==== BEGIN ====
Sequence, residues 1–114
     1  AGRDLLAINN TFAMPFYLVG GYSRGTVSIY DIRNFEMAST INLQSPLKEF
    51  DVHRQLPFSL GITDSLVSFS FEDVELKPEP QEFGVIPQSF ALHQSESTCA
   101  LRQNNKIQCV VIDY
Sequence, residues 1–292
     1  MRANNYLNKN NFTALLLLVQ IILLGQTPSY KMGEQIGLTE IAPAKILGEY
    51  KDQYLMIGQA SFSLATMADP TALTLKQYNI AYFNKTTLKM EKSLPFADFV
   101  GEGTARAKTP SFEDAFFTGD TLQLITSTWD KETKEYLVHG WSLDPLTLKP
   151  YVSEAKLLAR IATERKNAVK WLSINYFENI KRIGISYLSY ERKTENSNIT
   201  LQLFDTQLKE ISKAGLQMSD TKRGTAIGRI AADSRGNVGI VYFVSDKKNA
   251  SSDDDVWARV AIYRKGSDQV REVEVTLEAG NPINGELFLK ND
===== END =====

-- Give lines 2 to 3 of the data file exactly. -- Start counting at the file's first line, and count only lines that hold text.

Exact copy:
     1  AGRDLLAINN TFAMPFYLVG GYSRGTVSIY DIRNFEMAST INLQSPLKEF
    51  DVHRQLPFSL GITDSLVSFS FEDVELKPEP QEFGVIPQSF ALHQSESTCA